"Hark! ah, the nightingale —
The tawny-throated!

Hark, from that moonlit cedar what a burst!
What triumph! hark! — what pain!
O wanderer from a Grecian shore,

1 Ovid, Metam. 2:555; Apollod. 3:14, § 1; Pausanias; and Hyginus, Fab. 48. a Ovid, Metam. 2:554; 6:676; Homer, II. 2:547; Od. 7:81; Hyginus, Poet. Astr. 2:13.

• For Ruskin's interpretation, see Queen of the Air, \ 38.

* Apollod. 3:14, § 8; Ovid, Metam. 6:412-676.

Still, after many years in distant lands,

Still nourishing in thy bewilder'd brain

That wild, unquench'd, deep-sunken, old-world pain —

Say, will it never heal?

And can this fragrant lawn

With its cool trees, and night,

And the sweet, tranquil Thames,

And moonshine, and the dew,

To thy rack'd heart and brain

Afford no calm?

"Dost thou to-night behold,
Here, through the moonlight on this English grass,
The unfriendly palace in the Thracian wild?
Dost thou again peruse,
With hot cheeks and sear'd eyes,
The too clear web, and thy dumb sister's shame?
Dost thou once more assay
Thy flight, and feel come over thee,
Poor fugitive, the feathery change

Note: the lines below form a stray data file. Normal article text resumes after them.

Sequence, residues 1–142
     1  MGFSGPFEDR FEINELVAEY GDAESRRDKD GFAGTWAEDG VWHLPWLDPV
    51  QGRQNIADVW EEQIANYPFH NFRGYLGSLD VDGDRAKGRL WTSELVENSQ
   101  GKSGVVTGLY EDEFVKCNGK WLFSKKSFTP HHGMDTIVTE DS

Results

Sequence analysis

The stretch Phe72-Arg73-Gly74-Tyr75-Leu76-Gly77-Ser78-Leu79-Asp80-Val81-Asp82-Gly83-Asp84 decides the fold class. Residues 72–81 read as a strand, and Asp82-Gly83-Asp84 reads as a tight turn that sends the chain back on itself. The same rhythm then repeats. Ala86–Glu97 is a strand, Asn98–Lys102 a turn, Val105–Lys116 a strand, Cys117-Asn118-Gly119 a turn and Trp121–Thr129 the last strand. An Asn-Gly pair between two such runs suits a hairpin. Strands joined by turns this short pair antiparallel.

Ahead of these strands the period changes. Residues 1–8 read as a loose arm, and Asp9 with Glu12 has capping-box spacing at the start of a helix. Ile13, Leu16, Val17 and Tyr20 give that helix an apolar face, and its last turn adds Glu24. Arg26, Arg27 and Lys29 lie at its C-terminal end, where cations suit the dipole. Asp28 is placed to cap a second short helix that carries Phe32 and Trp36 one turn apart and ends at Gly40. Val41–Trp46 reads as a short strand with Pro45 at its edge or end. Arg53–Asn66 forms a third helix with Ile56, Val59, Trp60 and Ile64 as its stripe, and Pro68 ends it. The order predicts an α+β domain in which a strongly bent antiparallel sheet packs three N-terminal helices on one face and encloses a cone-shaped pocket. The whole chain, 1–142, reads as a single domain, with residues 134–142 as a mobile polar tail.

Once more, and once more seem to make resound
With love and hate, triumph and agony,
Lone Daulis, and the high Cephissian vale?
Listen, Eugenia —

How thick the bursts come crowding through the leaves!
Again — thou hearest?
Eternal passion!
Eternal pain!"1

§ 152. Theseus.2 — A descendant of Erechtheus and Pandion was ^Egeus, king of Athens. By y£thra, granddaughter of Pel ops, he became the father of the Attic hero, Theseus. ^Egeus, on parting from ^Ethra, before the birth of the child, had placed his sword and shoes under a large stone, and had directed her to send the child to him if it should prove strong enough to roll away the stone and take what was under. The lad Theseus was brought up at Trcezen, of which Pittheus, ^Ethra's father, was king. When /Ethra thought the time had come, she led Theseus to the stone. He

1 Matthew Arnold, Philomela.

a Ovid, Metam. 7:350-424; Plutarch's Theseus.